Sunny Side House was designed by Wallflower Architecture + Design, and it is located in Serangoon, Singapore.
The home covers an area of 3,950 square feet, and it was completed in 2013.
Sunny Side House by Wallflower Architecture + Design:
“The site would not appeal to most local homebuyer as it immediately ticks several negative boxes for what are deemed liabilities in a residential semi-detached plot. It is long and narrow, with both the long side and front facing the western afternoon sun. The plot lies a metre below a public road that bounds the front and the ‘sunny’ side. In the local context, there would be environmental, layout and cultural issues to overcome.
The clients, a family of five, wanted a home that revolved around familial living and bonding. The implication of this ideal is that spaces need not be arranged or defined too rigidly for formal or cultural hierarchies. There are advantages to be had from a narrow plot as it naturally restricts the depth of rooms. The resulting spaces receive more natural light and are better ventilated due to the shallower proportion. The 1st storey is conceived to be a contiguous linear space, where living, dining, kitchen functions are serially arranged, but have little in the way of physical demarcation.
Back of house spaces that need enclosing walls are aligned against the inner party wall and do not intrude into the informal living/dining/kitchen. In an Asian context, it is perceived as undesirable when a home is set lower than the surrounding public areas; mainly due to connotations of a lower status. Architecturally however, the lowered topography and resulting upturn along the lengthy boundary edge helps to delineate and suggest that the living space extends into the green. The perception is of greater space, yet it is private to the family through the deliberate use of slated boundary fencing and a tight row of bamboos. The fencing and landscaping conceal the change in level and the green ‘wall’ cools the filtered breeze and acts as a sunscreen to the 1st storey.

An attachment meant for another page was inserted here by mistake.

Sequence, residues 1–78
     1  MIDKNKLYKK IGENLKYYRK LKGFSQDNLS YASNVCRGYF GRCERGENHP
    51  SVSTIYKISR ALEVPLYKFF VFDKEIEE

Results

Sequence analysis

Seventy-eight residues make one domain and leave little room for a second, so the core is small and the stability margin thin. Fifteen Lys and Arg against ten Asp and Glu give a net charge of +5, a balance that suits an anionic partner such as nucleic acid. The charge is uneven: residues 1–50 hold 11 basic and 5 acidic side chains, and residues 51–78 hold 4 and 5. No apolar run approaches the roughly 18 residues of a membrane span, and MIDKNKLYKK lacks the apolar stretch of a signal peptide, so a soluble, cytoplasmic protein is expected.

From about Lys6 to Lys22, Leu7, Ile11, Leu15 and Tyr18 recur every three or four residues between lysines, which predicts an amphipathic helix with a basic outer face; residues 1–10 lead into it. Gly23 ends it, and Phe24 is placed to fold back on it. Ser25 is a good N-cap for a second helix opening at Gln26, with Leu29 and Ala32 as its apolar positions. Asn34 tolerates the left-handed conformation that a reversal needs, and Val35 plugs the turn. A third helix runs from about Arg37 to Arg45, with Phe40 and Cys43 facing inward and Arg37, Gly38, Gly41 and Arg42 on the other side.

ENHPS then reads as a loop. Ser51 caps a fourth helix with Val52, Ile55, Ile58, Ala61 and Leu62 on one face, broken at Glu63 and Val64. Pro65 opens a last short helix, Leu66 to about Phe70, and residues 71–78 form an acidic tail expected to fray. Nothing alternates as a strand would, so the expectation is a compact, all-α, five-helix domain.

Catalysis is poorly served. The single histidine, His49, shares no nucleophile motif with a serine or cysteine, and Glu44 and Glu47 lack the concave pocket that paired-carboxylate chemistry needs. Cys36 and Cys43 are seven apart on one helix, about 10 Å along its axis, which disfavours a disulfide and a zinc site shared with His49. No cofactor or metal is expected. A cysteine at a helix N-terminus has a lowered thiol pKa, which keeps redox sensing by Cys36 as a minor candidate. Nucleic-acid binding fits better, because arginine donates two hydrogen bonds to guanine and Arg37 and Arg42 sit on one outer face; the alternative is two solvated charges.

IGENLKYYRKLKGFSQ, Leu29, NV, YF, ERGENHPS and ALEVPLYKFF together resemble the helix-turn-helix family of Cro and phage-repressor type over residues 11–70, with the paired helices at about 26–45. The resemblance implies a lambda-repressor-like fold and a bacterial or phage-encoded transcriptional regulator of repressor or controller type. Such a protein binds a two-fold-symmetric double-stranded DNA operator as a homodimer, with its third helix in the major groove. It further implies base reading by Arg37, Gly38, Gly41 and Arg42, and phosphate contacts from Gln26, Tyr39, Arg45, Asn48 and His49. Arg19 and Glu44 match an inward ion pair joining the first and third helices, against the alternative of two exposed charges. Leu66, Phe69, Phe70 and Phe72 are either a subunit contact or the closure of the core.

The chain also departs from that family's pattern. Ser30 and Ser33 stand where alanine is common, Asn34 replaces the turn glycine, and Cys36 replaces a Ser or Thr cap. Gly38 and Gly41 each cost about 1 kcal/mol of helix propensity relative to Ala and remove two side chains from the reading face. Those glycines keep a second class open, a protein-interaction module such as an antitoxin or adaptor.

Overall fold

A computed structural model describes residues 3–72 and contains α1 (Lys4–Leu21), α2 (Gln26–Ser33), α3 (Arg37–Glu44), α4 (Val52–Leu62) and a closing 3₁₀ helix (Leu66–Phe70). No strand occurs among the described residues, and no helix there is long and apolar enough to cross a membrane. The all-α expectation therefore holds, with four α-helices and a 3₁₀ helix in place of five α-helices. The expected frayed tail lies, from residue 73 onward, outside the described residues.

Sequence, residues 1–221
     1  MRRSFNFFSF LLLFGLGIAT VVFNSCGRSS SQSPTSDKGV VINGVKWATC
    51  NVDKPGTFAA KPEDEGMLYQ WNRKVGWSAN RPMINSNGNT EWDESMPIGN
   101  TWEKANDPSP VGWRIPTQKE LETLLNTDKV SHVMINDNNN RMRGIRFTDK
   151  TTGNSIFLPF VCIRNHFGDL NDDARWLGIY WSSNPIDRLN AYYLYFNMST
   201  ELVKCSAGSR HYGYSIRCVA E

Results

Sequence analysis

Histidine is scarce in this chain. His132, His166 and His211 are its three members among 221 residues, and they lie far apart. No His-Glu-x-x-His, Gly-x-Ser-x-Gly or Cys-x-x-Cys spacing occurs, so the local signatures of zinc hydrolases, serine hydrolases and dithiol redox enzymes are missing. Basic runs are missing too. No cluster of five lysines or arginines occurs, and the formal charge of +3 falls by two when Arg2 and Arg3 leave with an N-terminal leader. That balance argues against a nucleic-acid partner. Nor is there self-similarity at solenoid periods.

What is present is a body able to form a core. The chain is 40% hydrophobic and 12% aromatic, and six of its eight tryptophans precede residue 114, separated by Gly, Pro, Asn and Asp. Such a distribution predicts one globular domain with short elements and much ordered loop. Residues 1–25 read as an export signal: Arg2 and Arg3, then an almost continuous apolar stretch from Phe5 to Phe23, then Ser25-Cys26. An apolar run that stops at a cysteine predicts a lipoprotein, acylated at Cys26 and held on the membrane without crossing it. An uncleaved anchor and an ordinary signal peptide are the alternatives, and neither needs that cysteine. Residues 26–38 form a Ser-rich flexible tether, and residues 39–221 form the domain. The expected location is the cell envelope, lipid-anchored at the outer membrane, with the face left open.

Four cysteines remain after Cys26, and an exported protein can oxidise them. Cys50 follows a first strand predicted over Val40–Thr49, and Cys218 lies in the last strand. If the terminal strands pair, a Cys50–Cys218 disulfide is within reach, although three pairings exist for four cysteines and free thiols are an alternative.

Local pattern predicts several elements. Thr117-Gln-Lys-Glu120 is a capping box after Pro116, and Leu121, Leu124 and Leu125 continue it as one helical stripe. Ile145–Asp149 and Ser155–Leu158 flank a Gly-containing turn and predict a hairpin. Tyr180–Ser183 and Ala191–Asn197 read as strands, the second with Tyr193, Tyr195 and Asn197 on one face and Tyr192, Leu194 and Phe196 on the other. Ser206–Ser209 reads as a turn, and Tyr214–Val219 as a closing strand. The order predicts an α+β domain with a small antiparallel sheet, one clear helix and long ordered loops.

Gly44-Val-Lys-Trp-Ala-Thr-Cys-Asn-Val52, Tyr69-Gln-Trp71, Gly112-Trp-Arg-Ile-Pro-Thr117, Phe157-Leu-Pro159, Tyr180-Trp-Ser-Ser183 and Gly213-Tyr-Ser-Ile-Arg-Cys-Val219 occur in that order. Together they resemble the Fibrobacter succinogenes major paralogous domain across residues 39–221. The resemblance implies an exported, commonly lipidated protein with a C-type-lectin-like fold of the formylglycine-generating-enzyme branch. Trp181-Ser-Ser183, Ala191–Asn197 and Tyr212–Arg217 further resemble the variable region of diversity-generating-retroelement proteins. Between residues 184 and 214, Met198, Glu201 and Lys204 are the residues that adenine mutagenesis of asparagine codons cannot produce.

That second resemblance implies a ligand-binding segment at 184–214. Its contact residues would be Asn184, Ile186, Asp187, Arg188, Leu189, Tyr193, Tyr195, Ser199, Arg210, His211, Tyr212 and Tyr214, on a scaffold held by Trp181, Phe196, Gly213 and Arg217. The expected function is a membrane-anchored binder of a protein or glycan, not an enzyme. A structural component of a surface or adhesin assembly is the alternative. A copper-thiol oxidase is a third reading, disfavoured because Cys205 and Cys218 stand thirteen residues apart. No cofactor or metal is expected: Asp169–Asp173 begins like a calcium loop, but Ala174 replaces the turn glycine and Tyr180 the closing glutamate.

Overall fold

The second storey is the bedroom box, the rooms arranged in a row along the outer edge. Each room has generous private views out. The substantial heat gain from an afternoon of harsh tropical sun is mediated by the extensive use of timber screens beyond the openings. The strategy is not to fully block out but filter harsh light and heat. It vitally allows natural light and ventilation to still pass through. It enables the building to breath, airflow being essential to comfort within the tropics. The pivoted screens also double up to control visual privacy, and can be manually angled to adjust for individual preferences. The visually solid form of the 2nd storey is given texture and interest by the timber fins, alleviating what would be an oppressive block facing the public street.
The top floor is deliberately ‘lightened’, surrounded by full glass fenestration supporting a deep, overhanging roof. It reduces the visual mass from a compositional point of view, but also allows unobstructed enjoyment to distant views. A section of the top floor is once again a contiguous space for recreation. The entertainment space is not just for movies but more importantly for football league matches faithfully followed by friends and family, a regular event in this household. A foosball table and an open pantry support the pre and post-game excitement and a convenient guest room is available in case some decide to stay on.
Key to linking and encouraging full use of the house at all levels are the inboard corridors and stairs. The aesthetics are intentionally kept minimal and uncluttered. Numerous indirect skylights filter and bathe this multilevel space in light. The open thread stairs, slender handrails, stringers and frameless glass panels facilitate visual connections from the 1st to the top storey, making the perceptual space and volume larger, always inviting one to explore a different level.”
Photos by: Marc Tey